The following code segment introduces a new variable named `commLossTime` and initializes it based on a specific expression. This line of code addresses scenarios where the `latestValue comLossTime` may contain either a time value (denoted as ‘time’) or be empty (‘None’). If a time value is present, the code rounds it using the `round` function; otherwise, it defaults to 60. The resulting value is then assigned to the variable `commLossTime`. The utilization of the `round` function as we aim for the returned number to be an integer.


Now equipped with the Comm Loss Time variable, let’s proceed to include the “valueUnderTest.” In this case, we’ll extract a sample by capturing one of those values at every resolution interval and store them in an array. The corresponding code line for this operation will appear as follows:

in let optionalValuesUnderTest = [valueAt valueStream t | t <- Time.intervalEvery (Time.minutes 1) (?now – (Time.minutes commLossTime)) ?now ]


Let’s break down what this code is doing. It’s instructing the script to retrieve a value from the stream at every time ‘t’ within the time range from “Comm Loss Time” ago to the current time, checking every minute. The objective is to ensure that at some point along this timeline, a value exists. If no value exists, the array will consist of ‘None’ repeated several times. Therefore, the script checks whether the array contains any values and returns a “comm fail” (1) if no values are found. Otherwise, it returns that we are not in a “comm fail” (0). The complete code is as follows:

let commLossTime = match latestValue comLossTime with {

  | Some time -> round time

  | None -> 60


in let optionalValuesUnderTest = [valueAt valueStream t | t <- Time.intervalEvery (Time.minutes 1) (?now – (Time.minutes commLossTime)) ?now ]

in let valueUnderTest = Array.keepSomes optionalValuesUnderTest

in let numberofFoundValues = Array.length valueUnderTest

in if numberofFoundValues < 1

  then 1.0

  else 0.0


Upon testing, unsurprisingly, due to the chosen value, no issues are detected. Let’s experiment with a different parameter that doesn’t poll frequently. 

We’ll choose the Pressure Threshold, which hasn’t polled since December 2022, and then run the test. As expected, the result comes up as 1, indicating that our script is functioning as intended.

Click “Save & Assign” to make the virtual OnPing Comm Loss parameter, fill out the name and description and click Save.

Step 3: Assign OnPing Comm Loss Parameter to an alarm #


Now that we’ve successfully created the OnPing Comm Loss virtual parameter, the next step is to associate it with an alarm. Follow these steps to integrate the virtual parameter into an alarm:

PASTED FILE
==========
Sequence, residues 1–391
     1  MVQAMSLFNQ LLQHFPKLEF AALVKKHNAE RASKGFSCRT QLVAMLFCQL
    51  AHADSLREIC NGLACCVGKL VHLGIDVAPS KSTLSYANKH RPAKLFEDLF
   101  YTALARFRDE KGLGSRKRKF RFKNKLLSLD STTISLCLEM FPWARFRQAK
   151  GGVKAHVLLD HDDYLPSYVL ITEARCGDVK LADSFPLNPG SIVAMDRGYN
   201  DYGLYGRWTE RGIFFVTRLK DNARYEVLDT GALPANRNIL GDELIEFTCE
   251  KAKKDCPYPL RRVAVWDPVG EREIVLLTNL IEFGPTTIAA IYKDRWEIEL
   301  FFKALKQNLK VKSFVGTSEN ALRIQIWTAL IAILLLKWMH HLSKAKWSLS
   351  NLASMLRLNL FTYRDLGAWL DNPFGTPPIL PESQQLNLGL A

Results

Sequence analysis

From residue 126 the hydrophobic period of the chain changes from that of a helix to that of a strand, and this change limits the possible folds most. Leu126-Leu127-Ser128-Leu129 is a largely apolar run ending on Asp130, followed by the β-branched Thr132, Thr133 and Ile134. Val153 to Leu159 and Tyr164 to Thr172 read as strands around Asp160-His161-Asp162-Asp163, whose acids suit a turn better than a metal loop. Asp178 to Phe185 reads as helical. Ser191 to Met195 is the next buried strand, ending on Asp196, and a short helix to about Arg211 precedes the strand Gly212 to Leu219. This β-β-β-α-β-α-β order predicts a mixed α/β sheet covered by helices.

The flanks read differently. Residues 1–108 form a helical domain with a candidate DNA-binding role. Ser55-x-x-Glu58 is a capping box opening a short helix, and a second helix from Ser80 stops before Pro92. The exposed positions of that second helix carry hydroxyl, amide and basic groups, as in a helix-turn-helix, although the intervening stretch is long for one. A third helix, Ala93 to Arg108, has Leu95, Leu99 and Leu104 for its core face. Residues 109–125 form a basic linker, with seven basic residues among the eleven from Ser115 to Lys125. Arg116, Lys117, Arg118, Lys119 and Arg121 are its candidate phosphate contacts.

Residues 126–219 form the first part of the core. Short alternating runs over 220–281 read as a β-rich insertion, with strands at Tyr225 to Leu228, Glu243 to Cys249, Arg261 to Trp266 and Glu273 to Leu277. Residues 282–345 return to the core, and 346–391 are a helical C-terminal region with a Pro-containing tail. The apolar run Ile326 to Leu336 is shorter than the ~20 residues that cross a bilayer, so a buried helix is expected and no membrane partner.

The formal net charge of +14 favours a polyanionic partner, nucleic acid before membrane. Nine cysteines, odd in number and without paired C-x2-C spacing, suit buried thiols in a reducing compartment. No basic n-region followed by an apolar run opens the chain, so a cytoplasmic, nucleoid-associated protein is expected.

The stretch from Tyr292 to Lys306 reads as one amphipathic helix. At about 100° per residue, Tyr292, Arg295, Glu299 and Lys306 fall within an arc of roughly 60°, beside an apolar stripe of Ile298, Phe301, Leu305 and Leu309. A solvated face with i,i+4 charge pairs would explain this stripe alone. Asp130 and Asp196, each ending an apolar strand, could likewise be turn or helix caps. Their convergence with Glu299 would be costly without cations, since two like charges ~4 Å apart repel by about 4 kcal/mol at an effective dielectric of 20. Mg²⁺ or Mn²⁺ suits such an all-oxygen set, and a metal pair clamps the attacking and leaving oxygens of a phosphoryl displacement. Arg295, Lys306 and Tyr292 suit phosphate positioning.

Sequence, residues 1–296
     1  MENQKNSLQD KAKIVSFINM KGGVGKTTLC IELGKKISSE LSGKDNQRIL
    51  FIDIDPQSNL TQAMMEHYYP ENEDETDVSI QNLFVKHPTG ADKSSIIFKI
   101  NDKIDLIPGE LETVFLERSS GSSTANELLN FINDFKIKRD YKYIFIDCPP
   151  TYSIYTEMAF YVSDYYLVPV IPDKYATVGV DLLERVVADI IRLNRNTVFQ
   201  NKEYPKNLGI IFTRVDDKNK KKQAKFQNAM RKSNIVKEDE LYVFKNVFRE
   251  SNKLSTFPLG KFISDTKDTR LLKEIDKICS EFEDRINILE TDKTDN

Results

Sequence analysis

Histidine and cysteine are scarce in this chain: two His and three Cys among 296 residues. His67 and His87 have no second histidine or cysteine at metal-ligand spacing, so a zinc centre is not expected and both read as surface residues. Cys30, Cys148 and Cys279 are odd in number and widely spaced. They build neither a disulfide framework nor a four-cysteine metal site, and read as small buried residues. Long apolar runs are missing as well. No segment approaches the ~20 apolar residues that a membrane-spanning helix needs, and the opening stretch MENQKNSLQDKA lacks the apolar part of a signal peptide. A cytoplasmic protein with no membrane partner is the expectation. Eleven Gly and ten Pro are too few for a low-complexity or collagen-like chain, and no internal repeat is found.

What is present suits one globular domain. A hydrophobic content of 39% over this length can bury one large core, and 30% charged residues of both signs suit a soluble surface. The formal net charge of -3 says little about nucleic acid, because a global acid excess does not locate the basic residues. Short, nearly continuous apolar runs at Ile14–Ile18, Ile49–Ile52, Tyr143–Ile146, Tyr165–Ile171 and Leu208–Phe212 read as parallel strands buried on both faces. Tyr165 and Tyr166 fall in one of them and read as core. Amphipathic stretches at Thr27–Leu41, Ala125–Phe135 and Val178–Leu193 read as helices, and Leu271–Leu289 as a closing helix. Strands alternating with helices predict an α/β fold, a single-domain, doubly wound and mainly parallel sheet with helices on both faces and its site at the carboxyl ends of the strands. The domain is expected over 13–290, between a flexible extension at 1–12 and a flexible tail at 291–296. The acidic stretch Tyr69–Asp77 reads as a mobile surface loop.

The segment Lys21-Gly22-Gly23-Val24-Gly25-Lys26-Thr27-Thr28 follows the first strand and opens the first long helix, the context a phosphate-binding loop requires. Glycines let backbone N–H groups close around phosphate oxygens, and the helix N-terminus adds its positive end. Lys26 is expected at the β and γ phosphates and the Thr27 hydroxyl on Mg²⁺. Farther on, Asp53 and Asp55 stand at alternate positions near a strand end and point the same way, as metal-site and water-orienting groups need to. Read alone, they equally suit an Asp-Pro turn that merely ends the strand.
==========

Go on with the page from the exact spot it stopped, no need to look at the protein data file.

1. Navigate to the Alarms section and select “Add Alarm.”
  1. Provide a comprehensive name for the alarm, especially when dealing with virtual alarms. Include the location in the name, as this feature will deactivate the Custom Name feature. Ensure to specify all necessary details.
  1. You will need to determine the Trip Time, indicating how long the system must be in a trip condition before initiating a call. Recall Time is the duration the system waits after acknowledgment to call back and the Clear Time is for determining how long the alarm must remain in a clear state before notifying or resetting.
  2. Set permissions for the designated group regarding access and actions (Read or Edit).
  3. The Call Order specifies the sequence of individuals to be notified. The Mask Name is less relevant for virtual parameter alarms, but for regular alarms, it would involve choosing a bit or applying a quick mask. Here we’ll pick Indentify for making virtual parameter alarms.
  1. Choose the previously created virtual parameter by clicking the Target Input button, locating the designated location, and confirming the parameter. Click “Save” to finalize the alarm creation.

These steps above constitute the complete process for setting up an OnPing Comm Loss alarm using the virtual OnPing Comm Loss Parameter which we just created ealier. The script-based nature of this approach grants considerable flexibility, allowing adjustments to suit your specific requirements.

Now let’s see how we actually do it in production settings. You can streamline the process by accessing Virtual Parameter settings then select from a list of existing scripts, such as “OneLocationCommStatus,” which is almost exactly the same script as we crafted together. So rather than starting from scratch, we can use the “Assign to Virtual Parameter” button and follow the steps above.


Congratulations! You’ve successfully created an OnPing Comm Loss parameter and associated alarm based on a consistent tag. By completing these steps, users gain a robust tool for monitoring communication loss based on their unique system characteristics. The script-driven nature of OnPing Comm Loss parameters provides a flexible and customizable solution for diverse applications. As you explore and apply these concepts in real-world scenarios, remember the power lies in your ability to adapt and optimize the system based on evolving requirements. This tutorial serves as a solid foundation for mastering the creation and implementation of OnPing virtual Comm Loss parameters.